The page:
A brand, as it turns out, is “a promise made and kept”. People come to associate your name with a specific set of expectations which you set. If you don’t promise them what they want (one example given: a sporty, well-engineered motor scooter years ahead of its time — being driven by a guy with a bad mustache and ’70s porn-star look), they won’t pay you further attention. If you promise them something, though, and don’t deliver, it’s quite possibly worse for you than if you’d never been discovered. With famous brands like Coke — or, closer to home for me, Starbucks — you know exactly what you’re getting, and that consistency and reliability is a large part of what you’re paying for when you buy their stuff.

Of course, you could promise them the worst experience of their life, and deliver on that promise, and that would also get you nowhere. So you need a few things: a solid identity and demonstrated reliable utility, both of which are relevant to your consumer base and also different enough to carve out a unique niche. The experience needs to be boiled down to a few words and images that will then propagate like a mind virus through the population until everyone knows what you stand for, and everyone who cares is buying your stuff. In CAASTRO’s case, there are several different target populations: primary and secondary school students and teachers, universities, individual astronomers and research collaborations, the general public, the government, CAASTRO’s own employees. The brand created needs to deliver a consistent and compelling message to all of these constituents.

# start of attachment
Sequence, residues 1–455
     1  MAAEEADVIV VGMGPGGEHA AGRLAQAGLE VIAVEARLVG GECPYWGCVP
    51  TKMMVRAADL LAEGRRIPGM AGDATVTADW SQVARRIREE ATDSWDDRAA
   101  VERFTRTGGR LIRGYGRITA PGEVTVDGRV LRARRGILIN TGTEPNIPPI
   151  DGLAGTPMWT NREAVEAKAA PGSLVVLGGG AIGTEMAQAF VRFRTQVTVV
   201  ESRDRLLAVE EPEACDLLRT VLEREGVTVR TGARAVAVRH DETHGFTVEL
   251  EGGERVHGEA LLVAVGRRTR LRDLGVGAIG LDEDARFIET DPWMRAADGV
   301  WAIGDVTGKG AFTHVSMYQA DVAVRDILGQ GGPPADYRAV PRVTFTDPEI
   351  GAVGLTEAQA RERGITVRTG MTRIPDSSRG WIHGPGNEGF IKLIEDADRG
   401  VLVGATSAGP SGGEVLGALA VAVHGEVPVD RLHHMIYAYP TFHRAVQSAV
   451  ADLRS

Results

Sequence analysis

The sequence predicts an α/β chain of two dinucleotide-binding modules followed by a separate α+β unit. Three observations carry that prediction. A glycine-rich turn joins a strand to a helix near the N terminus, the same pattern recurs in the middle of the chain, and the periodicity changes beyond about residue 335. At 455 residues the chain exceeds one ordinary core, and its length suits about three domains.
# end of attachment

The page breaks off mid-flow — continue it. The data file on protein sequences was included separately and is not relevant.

The Yello Brands team led us through a series of exercises designed to uncover our mental associations with CAASTRO and identify those most useful or likely to give CAASTRO a distinctive image among its constituents. It involved plenty of yellow sticky notes written on with colorful scented markers, being shuffled around on different background formats, along with images torn from magazines and “willing volunteers” presenting their findings to the group. The message I took away from the exercise was that creating mind viruses is a lot of work…

Afterwards I went and grabbed lunch at a fairly non-descript Thai restaurant, then walked up to Darling Harbour and sat on the waterfront eating gelato in the lovely 30 C weather. I acquired plenty of pictures.


About Richard

I'm an American scientist who is building a new life in Australia. This space will contain words about science and math, but also philosophy, policy, literature, my travels, occasional rants, all sorts of things I find strange and awesome. The views expressed in this blog do not necessarily reflect the opinions of my employer at the time (currently University of Sydney), though personally, I think they should.